Phillips vs. PUHS


Judge Fred C. Struckmeyer, Jr. (1912-1992)

Judge Fred C. Struckmeyer, Jr., a native of Phoenix, was the son of Fred Struckmeyer, Sr., who served one term on the Superior Court in Maricopa County from 1923-1925. Judge Struckmeyer served in the Army during World War II and was awarded the Silver Star, Bronze Star and a Purple Heart. He became a Superior Court judge in 1950, before serving for 26 years as an Arizona Supreme Court justice. Judge Struckmeyer was known to be an excellent legal scholar and strict constitutionalist. He was also a recognized authority on Arizona water law. After his mandatory retirement at the age of 70 he was appointed to the Arizona Racing Commission.

On February 9, 1953, Judge Struckmeyer decided the case Phillips vs. Phoenix Union High Schools and Junior College District. At the time, the Carver High School, at 415 E. Grant St. in Phoenix, was the only legally segregated high school in the state. The Phillips case was filed by Hayzel B. Daniels, the first African-American to pass the Arizona bar examination and one of the first two African-Americans elected to the Arizona legislature, and long-time prominent Phoenix attorney Herbert B. Finn. Neither lawyer was paid for his work; Daniels paid the court filing fee out himself.

Writing that "a half century of intolerance is enough," Judge Struckmeyer ruled that the Arizona law permitting school boards to segregate pupils was unconstitutional, and the Phoenix Union district's segregation of African-American students was illegal. His decision was made a year before the U.S. Supreme Court decided Brown v. Board of Education.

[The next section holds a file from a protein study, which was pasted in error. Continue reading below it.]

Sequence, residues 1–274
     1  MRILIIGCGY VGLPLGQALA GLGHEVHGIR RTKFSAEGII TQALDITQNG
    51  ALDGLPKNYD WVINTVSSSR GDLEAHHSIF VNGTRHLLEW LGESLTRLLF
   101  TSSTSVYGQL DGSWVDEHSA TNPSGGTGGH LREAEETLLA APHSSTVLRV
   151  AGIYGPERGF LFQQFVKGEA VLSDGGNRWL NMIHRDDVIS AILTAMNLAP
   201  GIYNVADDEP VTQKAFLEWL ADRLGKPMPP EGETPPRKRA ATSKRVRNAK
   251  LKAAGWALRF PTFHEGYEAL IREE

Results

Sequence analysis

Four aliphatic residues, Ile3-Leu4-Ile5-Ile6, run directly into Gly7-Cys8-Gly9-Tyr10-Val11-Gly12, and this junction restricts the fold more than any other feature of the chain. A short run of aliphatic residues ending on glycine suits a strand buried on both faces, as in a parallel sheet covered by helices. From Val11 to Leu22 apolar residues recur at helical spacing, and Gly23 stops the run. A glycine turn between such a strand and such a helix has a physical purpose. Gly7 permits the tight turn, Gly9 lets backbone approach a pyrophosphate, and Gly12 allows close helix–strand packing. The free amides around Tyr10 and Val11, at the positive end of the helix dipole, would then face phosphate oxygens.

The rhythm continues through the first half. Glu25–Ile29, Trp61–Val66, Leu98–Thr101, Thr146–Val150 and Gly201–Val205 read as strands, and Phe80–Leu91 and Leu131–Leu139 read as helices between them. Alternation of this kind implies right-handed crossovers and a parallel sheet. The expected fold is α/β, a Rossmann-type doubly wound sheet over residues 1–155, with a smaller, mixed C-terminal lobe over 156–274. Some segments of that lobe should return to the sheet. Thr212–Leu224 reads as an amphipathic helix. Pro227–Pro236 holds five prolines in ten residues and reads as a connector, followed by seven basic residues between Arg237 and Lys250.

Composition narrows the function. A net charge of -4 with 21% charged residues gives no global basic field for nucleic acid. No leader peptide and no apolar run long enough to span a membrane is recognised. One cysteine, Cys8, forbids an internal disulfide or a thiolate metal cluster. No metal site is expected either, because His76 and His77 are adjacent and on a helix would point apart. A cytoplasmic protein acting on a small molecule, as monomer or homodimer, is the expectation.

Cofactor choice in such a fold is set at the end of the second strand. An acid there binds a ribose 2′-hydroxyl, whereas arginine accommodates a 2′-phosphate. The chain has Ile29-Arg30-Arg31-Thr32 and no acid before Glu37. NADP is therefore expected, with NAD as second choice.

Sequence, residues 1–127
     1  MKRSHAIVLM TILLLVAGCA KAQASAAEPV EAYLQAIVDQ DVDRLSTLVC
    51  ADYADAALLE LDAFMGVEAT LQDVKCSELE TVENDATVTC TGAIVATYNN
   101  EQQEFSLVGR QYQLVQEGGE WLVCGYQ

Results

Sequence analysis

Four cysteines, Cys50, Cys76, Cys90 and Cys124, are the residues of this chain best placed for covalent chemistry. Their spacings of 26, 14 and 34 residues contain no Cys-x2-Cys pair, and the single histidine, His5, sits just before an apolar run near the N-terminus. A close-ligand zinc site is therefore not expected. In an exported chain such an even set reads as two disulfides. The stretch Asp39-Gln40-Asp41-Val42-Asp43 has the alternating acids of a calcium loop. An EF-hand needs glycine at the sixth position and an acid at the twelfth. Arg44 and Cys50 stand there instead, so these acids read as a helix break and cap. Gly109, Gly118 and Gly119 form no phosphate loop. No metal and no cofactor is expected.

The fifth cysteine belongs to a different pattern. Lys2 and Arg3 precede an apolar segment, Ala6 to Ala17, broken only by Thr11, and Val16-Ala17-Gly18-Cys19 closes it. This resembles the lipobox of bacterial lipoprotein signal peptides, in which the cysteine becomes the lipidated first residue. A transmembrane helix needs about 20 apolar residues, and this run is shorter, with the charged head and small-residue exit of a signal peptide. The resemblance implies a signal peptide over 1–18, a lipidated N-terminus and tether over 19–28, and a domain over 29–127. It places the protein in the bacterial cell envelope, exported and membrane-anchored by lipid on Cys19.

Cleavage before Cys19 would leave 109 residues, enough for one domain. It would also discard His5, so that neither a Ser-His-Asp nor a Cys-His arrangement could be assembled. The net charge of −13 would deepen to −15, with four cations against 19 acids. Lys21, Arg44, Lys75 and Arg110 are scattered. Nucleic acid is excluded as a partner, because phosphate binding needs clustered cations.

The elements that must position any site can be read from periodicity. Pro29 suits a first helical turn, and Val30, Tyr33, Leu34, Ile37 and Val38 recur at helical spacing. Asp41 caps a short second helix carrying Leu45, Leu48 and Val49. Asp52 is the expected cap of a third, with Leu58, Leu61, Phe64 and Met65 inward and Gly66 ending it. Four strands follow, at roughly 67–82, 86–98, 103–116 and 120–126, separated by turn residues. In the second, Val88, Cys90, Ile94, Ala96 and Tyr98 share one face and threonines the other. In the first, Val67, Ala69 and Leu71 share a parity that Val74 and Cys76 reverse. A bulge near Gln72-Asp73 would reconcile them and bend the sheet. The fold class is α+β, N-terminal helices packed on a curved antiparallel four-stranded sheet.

Below are links to PDFs of the documents filed in the Phillips case, including Judge Struckmeyer's decision. The PDFs were made from the official microfilm of the original documents.

Significant Dates in Judge Bernstein's Career

1912    Born in Phoenix
1936    Received law degree from University of Arizona
1936    Admitted to Arizona Bar
1939    Became a deputy county attorney
1942    Served in United States Army during World War II
1946    Returned to private practice
1950    Appointed to Superior Court in Maricopa County
1953    Ruled that there was no legal authority for segregation in Arizona
1955-1982    Served for 26 years on the Arizona Supreme Court
1982    Appointed to the Arizona Racing Commission
1992    Died on June 22, at age of 80

References:

  • Boone, Linda C. "The Days of 'Haze': A Personal Journey Down the Back Road To Brown v. Board of Education." 36 Arizona Attorney 38 (March 2000).
  • "Frederick Christian Struckmeyer, Jr.," in Marquis Who's Who, 2004 ed. Reproduced in Biography Resource Center. Farmington Hill MI: Thomson Gale, 2005
  • "Struckmeyer, Fred C., Jr.," in The American Bench: Judges of the Nation. Sacramento, CA: Reginald Bishop Forster & Associates, 1985
  • Superior Court in Arizona, 1912-1984: A History of the Court in Each County Since Statehood.
    [Phoenix, AZ]: The Arizona Supreme Court, 1985
  • Treadwell-Rubin, Pamela. "A Blessing of 'Firsts'." 40 Arizona Attorney 6 (January 2004)
  • Zarbin, Earl. The Bench and the Bar: A History of Maricopa County's Legal Professions. Chatsworth, CA: Windsor Publications, 1991 (Photo, p.65)

 

The files included within the Law Library Resource Center's website are copyrighted. Users have permission to use the files, forms, and information for any lawful purpose. The files and forms are not intended to be used to engage in the unauthorized practice of law. The Court assumes no responsibility and accepts no liability tor actions taken by the users of these documents, including reliance on their contents. All files are under continual revision. If you are not using these forms right away, or if you plan to use them repeatedly, we strongly recommend that you check the site regularly to determine whether the files you are using have been updated.


Paula Collins
Law Library Resource Center Administrator
Contact the Law Library Resource Center

  This page was last updated on: